Health Literacy and Women's Health: Challenges and Opportunities
Version of Record online: 30 APR 2013
© 2013 by the American College of Nurse-Midwives
Journal of Midwifery & Womens Health
Volume 58, Issue 3, pages 257–264, May/June 2013
How to Cite
Corrarino, J. E. (2013), Health Literacy and Women's Health: Challenges and Opportunities. Journal of Midwifery & Womens Health, 58: 257–264. doi: 10.1111/jmwh.12018
- Issue online: 11 JUN 2013
- Version of Record online: 30 APR 2013
- health behavior;
- health literacy;
- professional role;
- patient education as topic/methods;
- women's health
This article describes the impact of health literacy on women's health and provides strategies for addressing this public health issue.
A comprehensive literature review was conducted of peer-reviewed journals. Multiple electronic databases were used, including CINAHL, MEDLINE, PubMed, and Google Scholar. Key words were used to identify articles and were combined to include health literacy, health behavior, women's health, patient education, and professional role. Additional articles were identified as a result of reviewing reference lists found during the electronic search.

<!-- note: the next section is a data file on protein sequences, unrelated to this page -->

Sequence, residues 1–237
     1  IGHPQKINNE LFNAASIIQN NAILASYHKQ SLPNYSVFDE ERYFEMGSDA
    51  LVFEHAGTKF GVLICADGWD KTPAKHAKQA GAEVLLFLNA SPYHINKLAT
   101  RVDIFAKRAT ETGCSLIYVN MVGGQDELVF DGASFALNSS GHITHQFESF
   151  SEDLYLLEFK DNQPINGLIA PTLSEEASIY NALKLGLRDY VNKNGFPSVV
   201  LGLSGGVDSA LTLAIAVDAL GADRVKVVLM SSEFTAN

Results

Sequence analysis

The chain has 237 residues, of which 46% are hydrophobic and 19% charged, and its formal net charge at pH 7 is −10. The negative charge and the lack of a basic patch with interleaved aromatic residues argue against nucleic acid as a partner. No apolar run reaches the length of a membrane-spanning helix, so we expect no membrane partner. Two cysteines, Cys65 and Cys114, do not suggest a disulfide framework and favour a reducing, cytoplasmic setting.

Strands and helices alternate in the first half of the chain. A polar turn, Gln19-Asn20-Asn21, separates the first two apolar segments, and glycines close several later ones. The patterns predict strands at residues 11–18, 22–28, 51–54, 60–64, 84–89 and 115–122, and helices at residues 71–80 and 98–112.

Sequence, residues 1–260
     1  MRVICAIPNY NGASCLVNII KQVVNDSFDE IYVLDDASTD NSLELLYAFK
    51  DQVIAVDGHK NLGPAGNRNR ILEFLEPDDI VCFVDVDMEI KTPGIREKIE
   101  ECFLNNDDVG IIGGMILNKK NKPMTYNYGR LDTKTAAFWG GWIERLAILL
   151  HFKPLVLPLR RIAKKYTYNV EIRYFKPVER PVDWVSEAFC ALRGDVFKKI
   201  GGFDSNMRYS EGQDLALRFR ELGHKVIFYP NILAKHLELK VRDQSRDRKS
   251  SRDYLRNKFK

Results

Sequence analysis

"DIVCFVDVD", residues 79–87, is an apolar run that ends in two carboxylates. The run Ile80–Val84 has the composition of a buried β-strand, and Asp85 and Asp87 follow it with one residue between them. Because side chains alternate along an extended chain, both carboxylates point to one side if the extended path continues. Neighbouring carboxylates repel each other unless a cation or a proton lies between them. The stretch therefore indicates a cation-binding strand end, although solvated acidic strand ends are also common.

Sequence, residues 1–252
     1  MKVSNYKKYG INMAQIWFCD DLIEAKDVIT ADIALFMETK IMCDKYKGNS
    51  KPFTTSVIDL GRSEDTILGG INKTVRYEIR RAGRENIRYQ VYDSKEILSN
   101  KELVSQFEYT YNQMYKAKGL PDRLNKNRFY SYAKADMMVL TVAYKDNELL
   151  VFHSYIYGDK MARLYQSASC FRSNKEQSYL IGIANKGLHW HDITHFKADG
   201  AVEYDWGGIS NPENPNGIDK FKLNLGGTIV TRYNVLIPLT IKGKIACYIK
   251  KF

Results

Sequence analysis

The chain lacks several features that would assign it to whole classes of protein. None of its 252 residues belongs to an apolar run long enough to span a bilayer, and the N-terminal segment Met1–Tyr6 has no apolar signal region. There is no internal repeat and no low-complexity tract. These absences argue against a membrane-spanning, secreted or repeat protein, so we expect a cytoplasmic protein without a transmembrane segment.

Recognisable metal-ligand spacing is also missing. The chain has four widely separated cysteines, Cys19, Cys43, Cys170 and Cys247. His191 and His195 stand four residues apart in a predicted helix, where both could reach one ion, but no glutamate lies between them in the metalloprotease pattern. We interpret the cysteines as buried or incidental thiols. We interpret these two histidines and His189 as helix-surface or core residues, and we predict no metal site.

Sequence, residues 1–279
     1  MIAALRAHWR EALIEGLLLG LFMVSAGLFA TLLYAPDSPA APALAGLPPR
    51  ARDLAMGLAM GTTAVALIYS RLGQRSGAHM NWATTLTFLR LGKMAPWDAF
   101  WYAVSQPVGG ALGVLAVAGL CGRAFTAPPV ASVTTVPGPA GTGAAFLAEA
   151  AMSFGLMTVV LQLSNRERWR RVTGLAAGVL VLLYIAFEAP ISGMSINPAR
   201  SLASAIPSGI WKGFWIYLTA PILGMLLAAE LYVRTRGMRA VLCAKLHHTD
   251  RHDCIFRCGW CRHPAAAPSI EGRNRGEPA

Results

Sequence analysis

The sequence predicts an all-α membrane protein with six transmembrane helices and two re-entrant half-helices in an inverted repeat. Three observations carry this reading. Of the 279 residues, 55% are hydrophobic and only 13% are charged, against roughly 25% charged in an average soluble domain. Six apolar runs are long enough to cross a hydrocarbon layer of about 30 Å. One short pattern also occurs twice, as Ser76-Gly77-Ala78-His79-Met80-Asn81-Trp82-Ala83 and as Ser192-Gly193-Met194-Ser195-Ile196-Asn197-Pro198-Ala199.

Health literacy is a complex issue that affects many women and can adversely affect women's knowledge, ability to adhere to clinical plans of care, and health outcomes for women and their children. It is estimated that 36% of adults in the United States possess limited health literacy skills. Effective strategies can be used by health care providers to address this serious problem, including clear and effective communication, development of health education materials, professional education, and development of community partnerships.
Health literacy is a serious problem. Effective approaches can be employed to blunt the adverse effect on women's health. Health care providers are well positioned to demonstrate leadership within the health care system regarding health literacy.